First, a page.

Kingston Hyper X Predator m.2 SSD Review

Conclusion

Kingston Hyper X Predator m.2 SSD Review

Conclusion

The latest stream of M.2 Solid State Drives that utilise PCI Express for their bandwidth are flowing through the offices with some varied results. All of them are clearly blisteringly fast, offering speeds hitherto undreamed of by us mere mortals. They are, until now, have had flaws. Whether it's eye-popping price tags, usage limitations, or merely a desire to chase speed at the expense of everything else.

Kingston have attacked the problem in their usual classy way by aiming their product squarely at the mainstream user who wont give up their aesthetic for a green PCB'd drive, no matter how fast it is. We've always liked the HyperX designs and the Predator M.2 continues this trend of attractive products.

The consistency of the performance is a definite highlight. Not just in the headline grabbing numbers which are impressive enough on their own, but perhaps more importantly in the small block sizes. This is an area in which nearly every drive falls down, as anyone who has had to transfer a folder full of tiny files will attest. All drives can move one large file very quickly, but lots of small ones are their Achilles Heel, but the Kingston Predator has no difficulties and regularly gave us the best results we've ever seen.

In fact the only things that count against the Predator we can find are;

Like all of these frighteningly fast PCI Express 3.0 drives, you absolutely need PCI Express 3.0 to make the most of them. We tested the Predator with a PCI Express 2.0 setup and went from 1335/1013 Read/Write to 749/768. By no means a slow drive even in that scenario, but it's worth noting you'll never maximise it's potential without the right foundation.

If you are planning to fit it to your X99 board the sticker is likely to be upside down as we showed you in the photos before. If you are a Z97 owner you need to be very careful about using the add in card if you have more than one GPU. 'Most' Z97 boards have 16 PCIE3 lanes available so if you fit this your first GPU will be reduced to 8 lanes. If you have two GPU's however its even more complicated because it will go GPU1 8x GPU2 4x and SSD 4x. You must consider this unless youve got one of the the few boards with a PLX chip on board.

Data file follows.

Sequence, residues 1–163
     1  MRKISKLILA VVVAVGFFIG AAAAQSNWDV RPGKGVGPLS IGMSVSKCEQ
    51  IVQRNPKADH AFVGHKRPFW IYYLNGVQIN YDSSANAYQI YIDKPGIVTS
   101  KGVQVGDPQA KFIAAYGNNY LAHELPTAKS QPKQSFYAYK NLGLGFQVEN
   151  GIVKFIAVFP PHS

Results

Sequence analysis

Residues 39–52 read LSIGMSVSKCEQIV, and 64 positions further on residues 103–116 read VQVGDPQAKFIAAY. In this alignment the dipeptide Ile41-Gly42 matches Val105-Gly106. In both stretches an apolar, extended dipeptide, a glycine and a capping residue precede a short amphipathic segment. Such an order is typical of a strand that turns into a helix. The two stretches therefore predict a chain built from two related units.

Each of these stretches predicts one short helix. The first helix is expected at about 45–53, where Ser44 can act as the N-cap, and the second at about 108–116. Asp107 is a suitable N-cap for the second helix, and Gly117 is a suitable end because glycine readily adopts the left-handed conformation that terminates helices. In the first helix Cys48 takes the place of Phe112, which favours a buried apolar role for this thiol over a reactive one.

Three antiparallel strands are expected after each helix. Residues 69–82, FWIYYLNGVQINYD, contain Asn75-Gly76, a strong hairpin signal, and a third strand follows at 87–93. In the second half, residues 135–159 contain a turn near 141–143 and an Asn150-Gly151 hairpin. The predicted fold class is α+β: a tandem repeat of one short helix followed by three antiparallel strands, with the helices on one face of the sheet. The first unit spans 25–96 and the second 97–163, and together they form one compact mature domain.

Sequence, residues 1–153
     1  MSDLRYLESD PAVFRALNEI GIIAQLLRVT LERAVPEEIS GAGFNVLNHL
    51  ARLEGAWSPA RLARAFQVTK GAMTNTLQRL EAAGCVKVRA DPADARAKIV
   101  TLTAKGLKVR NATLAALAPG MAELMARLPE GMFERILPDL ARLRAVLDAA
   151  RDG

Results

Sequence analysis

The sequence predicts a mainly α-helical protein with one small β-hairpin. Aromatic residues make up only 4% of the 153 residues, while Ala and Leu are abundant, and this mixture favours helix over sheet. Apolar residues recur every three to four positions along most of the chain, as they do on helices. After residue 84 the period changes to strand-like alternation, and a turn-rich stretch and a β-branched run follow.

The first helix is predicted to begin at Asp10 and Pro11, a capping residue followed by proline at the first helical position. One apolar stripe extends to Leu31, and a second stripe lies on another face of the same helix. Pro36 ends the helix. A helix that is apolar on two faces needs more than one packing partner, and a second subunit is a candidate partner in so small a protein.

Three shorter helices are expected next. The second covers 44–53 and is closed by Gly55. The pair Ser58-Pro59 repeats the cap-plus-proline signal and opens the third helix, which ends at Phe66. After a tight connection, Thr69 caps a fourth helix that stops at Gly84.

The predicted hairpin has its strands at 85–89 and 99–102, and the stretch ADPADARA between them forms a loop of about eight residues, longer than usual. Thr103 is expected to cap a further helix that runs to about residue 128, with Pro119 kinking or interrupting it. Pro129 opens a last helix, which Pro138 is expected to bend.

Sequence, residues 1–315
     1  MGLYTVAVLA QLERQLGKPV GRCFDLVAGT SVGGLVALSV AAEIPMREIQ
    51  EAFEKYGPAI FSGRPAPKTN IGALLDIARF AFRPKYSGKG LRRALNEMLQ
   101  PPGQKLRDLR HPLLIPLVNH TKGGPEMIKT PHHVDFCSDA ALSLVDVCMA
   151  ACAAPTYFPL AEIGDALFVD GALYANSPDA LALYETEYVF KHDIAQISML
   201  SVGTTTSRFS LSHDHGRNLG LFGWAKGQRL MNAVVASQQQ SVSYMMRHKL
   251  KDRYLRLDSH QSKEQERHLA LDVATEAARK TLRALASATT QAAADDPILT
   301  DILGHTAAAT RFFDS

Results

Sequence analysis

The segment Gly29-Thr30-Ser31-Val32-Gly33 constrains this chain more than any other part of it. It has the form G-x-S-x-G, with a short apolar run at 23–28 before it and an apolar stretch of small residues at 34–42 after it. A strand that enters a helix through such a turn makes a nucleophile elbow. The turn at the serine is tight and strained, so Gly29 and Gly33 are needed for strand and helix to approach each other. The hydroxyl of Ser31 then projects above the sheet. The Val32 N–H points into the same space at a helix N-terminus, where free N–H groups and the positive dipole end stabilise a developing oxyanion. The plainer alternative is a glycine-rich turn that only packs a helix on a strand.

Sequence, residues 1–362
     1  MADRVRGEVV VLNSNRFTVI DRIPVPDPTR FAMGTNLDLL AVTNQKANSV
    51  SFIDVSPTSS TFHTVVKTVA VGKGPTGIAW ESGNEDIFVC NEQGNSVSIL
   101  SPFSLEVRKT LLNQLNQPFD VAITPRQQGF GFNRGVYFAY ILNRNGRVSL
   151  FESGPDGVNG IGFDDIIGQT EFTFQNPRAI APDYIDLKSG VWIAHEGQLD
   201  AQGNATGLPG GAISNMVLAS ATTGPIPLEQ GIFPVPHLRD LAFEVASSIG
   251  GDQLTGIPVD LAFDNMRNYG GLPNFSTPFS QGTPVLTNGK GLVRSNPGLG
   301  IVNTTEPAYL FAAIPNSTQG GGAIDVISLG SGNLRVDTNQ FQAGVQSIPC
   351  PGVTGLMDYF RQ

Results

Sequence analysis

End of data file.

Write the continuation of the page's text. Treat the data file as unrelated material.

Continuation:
The predator is a whole £50 more expensive than the SM951, many of us would be happy to pay this for that black PCB except Samsung SM951 and Intel 750 NVME, both different takes upon the same theme, outperformed the Kingston. All of them make a regular SATA SSD look like dial-up in a fibre optic world, it's just the Kingston isn't quite at the very forefront.

We have to say that the positives definitely outweigh those slight issues. With the right hardware behind it the Kingston is fearsomely fast, and there is no denying that it's easily the best looking of the M.2 options we've seen even with the upside down sticker. We highly recommend it and it wins our OC3D Silver Award. Compared to a normal 2.5" SSD it would easily walk away with a gold but in this new superfast category the bar has been set incredibly high. The main purchase point is that black PCB and a huge upgrade over normal SATA Drives.

You can discuss the Kingston HyperX Predator SSD Review in the OC3D Forums.

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Most Recent Comments

06-05-2015, 09:36:07

Deshman
Following your review of the SM951 I recently stuck one in my rig - WOW.

I don't see a reason to go back to SATA in the future.Quote

06-05-2015, 19:59:33

realneil
This (PCI-E drives) is the way to go it seems.Quote

09-05-2015, 07:28:36

Agost
Expensive, not NVMe... mehQuote

09-05-2015, 20:49:06

Excalabur50
Nice review as always TomQuote

12-08-2015, 09:29:28

andrewjoy
a nice review, i don't have a window on my case so the SM951 is a no brainer.


And if you do , still get the samsung and stick a black sticker on it , cheaper and faster .Quote
Reply
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